CUTTING HEATING BILLS
Whilst it can seem that every man and his dog are shouting from the rooftops about the value and efficiency of home insulation there is precious little detailed information on the pounds, shillings and pence that can actually be saved in particular from insulating cold solid walls.
Whilst every home uses their heating in different ways with varying temperature and timing settings it is possible to extrapolate certain guide line cost savings beased around authoritative bodies who publish independant figures based on serious scientific research.
HEATING COST REDUCTIONS – REALISTIC EXPECTATIONS
The following figures are based around a 5% annual price rise :
House 10yr Saving Annual Saving at 10 yrs 20 year Saving Annual Savings at 20 years
semi £ 5,231 £ 620 £ 13,841 £1,061
det’d £7,546 £ 977 £ 20,006 £1,516
Whilst these figures are purely a projection at 5% per annum increases in heating bills we believe they are very conservative especially when compared to increases in the last 4 years . In fact the above assumes about a 50% increase in energy costs in 10 years time when we have seen this size of increase in the last few years alone.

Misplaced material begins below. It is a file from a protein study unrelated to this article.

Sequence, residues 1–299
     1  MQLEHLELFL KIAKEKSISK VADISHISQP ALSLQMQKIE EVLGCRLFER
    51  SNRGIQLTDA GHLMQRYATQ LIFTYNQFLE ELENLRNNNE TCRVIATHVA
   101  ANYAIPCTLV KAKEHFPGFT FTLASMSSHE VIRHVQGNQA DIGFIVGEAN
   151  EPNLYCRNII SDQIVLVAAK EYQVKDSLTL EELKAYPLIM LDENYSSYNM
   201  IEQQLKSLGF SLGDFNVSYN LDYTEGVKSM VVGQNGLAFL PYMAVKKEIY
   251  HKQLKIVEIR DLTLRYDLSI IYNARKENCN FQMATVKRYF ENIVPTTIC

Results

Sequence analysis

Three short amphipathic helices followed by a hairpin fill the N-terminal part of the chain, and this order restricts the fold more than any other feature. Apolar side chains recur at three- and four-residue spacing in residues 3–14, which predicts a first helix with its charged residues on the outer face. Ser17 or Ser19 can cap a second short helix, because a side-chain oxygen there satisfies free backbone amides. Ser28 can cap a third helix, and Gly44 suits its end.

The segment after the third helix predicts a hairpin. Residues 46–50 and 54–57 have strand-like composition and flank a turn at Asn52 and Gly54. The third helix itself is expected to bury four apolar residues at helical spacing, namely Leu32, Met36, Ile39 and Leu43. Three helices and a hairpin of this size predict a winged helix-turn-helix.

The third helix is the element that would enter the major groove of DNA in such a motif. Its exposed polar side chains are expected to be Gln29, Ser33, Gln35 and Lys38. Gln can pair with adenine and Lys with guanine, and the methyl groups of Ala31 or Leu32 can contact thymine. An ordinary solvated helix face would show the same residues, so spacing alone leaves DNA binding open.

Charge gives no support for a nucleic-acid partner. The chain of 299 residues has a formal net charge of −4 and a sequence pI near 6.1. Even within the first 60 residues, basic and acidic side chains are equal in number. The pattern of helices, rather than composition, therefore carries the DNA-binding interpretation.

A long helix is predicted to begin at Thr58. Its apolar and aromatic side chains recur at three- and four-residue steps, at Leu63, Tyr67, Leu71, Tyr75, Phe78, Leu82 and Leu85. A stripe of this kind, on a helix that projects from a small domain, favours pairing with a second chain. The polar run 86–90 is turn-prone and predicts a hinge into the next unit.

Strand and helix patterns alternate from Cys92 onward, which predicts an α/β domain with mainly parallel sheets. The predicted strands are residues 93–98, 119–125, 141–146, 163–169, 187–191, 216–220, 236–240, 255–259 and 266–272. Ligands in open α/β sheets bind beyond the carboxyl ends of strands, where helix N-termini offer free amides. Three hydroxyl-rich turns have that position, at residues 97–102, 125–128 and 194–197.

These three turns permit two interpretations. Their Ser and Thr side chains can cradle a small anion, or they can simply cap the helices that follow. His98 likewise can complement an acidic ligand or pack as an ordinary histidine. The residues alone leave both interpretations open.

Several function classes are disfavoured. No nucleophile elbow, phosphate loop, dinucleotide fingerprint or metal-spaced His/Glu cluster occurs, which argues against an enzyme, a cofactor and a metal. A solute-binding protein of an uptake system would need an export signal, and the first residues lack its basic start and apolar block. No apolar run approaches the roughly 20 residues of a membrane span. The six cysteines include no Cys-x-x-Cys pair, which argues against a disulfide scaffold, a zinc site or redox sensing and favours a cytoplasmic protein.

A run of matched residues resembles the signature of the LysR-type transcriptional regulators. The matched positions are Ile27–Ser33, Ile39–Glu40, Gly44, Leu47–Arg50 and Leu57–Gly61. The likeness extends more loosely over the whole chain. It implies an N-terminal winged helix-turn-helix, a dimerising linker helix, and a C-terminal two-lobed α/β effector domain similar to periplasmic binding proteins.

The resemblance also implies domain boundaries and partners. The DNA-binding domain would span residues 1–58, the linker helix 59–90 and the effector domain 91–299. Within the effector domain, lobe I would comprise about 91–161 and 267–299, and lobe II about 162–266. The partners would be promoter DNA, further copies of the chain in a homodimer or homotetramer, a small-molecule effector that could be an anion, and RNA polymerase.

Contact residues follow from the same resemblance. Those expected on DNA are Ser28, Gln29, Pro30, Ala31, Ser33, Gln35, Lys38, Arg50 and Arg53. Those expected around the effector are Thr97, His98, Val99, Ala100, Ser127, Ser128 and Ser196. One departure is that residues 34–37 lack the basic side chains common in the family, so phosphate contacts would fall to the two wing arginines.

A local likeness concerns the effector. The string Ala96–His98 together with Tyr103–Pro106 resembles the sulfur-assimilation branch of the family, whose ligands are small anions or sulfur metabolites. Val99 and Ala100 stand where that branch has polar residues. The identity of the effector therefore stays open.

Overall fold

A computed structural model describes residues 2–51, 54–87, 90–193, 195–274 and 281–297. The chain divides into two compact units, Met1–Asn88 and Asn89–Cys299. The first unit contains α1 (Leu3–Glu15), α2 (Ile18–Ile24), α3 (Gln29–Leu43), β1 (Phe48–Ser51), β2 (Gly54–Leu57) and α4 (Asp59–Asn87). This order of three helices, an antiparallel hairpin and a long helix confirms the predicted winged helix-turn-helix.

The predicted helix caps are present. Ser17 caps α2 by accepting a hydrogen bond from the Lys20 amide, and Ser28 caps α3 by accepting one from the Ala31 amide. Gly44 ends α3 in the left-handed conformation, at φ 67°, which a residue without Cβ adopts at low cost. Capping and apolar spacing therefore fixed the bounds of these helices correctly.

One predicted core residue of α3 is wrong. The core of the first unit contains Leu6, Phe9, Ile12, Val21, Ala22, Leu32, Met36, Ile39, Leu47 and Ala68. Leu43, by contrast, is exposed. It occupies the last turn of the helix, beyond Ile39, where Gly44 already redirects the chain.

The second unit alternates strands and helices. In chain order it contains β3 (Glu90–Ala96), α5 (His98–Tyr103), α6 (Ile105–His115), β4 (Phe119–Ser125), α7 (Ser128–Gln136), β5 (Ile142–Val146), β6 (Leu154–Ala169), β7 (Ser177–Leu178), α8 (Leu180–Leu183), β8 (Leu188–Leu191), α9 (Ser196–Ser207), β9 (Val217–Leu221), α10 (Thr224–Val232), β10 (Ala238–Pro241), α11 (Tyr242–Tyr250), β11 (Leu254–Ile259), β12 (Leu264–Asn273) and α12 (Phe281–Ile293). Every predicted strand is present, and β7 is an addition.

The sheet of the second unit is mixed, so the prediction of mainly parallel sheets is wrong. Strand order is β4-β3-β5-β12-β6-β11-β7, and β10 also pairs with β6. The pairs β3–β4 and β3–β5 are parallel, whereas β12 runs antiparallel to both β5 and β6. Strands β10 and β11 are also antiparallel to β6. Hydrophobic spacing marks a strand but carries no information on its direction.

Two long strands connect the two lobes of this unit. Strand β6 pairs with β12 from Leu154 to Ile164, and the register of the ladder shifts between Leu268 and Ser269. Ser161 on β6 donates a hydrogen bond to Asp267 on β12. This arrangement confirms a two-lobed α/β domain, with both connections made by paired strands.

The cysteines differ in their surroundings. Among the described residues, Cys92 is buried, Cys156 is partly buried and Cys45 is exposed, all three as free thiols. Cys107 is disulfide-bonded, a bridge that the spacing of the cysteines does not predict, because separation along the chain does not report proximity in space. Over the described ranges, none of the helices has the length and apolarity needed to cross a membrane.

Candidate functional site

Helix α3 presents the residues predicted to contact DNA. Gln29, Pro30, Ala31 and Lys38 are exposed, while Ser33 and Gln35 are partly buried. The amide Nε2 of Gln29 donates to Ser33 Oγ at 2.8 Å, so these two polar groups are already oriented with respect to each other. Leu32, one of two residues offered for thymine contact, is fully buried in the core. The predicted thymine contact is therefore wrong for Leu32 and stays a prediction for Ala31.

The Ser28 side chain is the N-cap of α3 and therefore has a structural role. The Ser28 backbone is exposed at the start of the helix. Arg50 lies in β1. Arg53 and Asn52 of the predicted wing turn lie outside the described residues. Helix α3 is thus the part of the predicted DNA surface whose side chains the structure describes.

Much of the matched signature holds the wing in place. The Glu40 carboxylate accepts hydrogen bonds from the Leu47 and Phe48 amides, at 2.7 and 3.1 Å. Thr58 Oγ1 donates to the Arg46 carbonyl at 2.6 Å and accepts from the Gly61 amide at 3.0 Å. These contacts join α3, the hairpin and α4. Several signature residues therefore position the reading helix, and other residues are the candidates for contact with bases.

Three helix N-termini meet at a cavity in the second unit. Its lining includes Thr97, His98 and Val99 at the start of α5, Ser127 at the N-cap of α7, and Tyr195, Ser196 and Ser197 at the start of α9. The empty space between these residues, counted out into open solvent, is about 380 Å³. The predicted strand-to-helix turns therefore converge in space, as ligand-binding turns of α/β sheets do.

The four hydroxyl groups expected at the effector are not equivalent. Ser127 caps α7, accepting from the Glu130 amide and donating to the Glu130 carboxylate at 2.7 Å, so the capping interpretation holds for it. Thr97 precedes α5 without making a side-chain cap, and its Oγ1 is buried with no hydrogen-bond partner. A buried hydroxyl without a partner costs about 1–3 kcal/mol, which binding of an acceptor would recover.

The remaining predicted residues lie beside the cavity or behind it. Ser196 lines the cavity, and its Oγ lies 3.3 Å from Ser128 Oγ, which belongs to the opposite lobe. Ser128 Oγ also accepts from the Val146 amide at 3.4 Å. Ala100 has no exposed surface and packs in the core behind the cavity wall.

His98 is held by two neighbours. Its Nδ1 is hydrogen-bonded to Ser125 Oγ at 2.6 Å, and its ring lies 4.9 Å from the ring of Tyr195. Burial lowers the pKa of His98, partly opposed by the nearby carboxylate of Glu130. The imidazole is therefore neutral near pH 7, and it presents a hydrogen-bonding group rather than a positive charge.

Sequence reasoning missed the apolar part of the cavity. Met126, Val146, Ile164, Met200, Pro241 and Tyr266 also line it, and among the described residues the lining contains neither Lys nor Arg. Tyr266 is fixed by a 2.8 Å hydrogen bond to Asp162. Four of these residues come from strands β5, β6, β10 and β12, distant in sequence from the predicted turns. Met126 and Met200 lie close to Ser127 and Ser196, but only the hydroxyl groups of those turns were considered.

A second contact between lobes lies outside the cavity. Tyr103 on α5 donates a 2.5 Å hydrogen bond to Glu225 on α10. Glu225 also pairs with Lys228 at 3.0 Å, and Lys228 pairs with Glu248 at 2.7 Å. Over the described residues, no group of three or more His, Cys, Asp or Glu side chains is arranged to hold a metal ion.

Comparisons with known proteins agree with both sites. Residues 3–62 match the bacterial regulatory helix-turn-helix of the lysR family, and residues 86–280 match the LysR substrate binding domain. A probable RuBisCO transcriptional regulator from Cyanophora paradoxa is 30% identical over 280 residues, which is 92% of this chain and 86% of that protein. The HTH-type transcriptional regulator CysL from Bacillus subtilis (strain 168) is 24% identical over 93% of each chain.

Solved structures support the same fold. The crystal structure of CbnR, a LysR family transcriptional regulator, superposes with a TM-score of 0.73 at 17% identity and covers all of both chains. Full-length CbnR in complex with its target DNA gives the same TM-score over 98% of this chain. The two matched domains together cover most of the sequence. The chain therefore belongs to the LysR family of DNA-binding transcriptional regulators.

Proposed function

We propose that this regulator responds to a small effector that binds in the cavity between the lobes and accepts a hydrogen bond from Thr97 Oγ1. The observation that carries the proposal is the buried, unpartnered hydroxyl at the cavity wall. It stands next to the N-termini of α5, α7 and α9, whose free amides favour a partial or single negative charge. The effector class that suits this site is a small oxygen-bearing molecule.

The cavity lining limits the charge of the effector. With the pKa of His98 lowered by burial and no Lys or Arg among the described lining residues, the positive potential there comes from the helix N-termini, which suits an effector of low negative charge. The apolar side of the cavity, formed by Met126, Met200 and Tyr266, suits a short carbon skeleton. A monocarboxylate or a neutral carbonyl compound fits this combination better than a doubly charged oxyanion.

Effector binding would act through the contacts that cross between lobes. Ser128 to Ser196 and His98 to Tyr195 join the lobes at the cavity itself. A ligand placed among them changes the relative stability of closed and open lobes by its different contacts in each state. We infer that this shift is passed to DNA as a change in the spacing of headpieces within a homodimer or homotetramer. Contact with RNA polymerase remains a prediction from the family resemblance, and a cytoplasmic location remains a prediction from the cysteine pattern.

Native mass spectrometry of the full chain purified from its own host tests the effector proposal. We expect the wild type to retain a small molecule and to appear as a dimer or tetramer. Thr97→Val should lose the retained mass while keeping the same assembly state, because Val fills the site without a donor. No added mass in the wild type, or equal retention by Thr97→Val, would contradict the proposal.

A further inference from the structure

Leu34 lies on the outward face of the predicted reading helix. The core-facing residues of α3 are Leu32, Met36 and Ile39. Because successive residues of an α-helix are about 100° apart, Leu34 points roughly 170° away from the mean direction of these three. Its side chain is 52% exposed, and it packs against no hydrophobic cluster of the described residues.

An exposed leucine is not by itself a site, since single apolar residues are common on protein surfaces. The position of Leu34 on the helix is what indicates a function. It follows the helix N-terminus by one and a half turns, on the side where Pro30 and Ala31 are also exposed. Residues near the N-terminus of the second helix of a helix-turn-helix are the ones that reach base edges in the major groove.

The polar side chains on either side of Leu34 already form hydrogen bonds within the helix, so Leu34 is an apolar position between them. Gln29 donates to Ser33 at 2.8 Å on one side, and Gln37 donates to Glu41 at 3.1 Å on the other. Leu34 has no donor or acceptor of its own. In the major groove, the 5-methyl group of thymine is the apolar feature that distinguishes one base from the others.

DON’T TAKE OUR WORD FOR IT !!
The above fuel savings are based around the UK average household gas consumption of 20,500kw/h from OFGEM and the Energy Saving Trust’s average energy cost savings of £400 for a standard 3 bed semi using gas central heating that undertakes solid wall insulation
The Energy Saving Trust assess a 3 bed semi as having around 75 m2 to 80 m2 of net wall area and from our experience that is an accurate figure with a 3 bed detached having around 120 m2 of net surface area . The heating bill savings are based on these figures.
As for future price rises we do know that Ofgem have predicted a miniumum 20% rise by 2020 as a direct result of the Energy Companies passing onto consumers the extra investment costs incurred to meet the legally binding Carbon Reduction targets and guarantees of future stable gas /oil supplies.
Throw into the mix the far greater costs of extracting oil from the new fields in the arctic and the extreme depths in the Gulf, along with increased demand from the likes of China and India, and it is clear that the cost of oil and therefore gas will continue to climb.